TimeOut Live: Time Travel Researcher Dr. David Lewis Anderson 28 July 2010
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Since 2002, the effects have increased
by “two orders of magnitudes,” both in time acceleration and retardation rates, and living organisms have been successfully tested in the warp fields, he detailed. By regenerating “closed timelike curves” (bending spacetime so time loops back on itself) we’re finding it “just as easy to move backwards in time as well as forward,” Anderson explained.
Currently countries such as Japan, China, and especially India have been experimenting with time techn
ologies, Anderson reported. Through a device called the Temporal Tremor Detector (TTD), his team is able to track such experiments by observing disruptions in the spacetime fabric, he said.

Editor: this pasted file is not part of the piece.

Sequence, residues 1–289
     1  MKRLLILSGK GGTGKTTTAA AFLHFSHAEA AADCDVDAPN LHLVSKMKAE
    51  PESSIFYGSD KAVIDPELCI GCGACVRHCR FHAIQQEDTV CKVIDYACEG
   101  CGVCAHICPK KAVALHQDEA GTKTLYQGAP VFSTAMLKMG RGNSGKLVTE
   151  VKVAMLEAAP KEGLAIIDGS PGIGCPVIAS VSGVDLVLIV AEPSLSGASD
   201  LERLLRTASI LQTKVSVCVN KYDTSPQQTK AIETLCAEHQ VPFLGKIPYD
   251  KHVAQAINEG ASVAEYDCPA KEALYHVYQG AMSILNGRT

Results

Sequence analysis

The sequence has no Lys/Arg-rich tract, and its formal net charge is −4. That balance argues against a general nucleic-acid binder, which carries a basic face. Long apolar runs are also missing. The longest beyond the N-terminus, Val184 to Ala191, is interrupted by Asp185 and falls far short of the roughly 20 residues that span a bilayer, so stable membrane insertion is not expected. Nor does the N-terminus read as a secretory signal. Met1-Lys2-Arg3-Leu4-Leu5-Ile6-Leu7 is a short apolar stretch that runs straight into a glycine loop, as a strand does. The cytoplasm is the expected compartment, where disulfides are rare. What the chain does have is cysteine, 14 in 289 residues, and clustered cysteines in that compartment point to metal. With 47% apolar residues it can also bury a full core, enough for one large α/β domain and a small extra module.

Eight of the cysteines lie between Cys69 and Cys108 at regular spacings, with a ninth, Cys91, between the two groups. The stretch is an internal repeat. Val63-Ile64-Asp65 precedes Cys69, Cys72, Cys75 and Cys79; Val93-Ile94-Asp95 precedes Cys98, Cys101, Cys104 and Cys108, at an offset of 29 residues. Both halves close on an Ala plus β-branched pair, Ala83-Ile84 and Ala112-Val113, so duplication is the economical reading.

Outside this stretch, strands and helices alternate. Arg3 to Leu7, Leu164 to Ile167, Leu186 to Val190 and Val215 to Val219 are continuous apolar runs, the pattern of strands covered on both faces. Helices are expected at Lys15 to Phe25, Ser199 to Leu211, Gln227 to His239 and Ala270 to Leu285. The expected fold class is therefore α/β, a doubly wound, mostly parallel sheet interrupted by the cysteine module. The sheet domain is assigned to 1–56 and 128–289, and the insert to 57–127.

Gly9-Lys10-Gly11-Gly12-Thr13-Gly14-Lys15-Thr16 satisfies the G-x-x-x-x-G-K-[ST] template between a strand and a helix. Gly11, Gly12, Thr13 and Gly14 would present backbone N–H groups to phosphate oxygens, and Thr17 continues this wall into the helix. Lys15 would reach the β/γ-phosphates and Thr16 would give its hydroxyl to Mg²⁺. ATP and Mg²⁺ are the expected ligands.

As time technology becomes further developed, moral and ethical issues are arising, he pointed out. Benefits of the technology include accurate historical studies of the past, but on the negative side, we could experience “Time Wars,” with deliberate destruction of parts of the timeline. Anderson advocated for more transparency and disclosure of the technology, so the public can have input on how it’s used.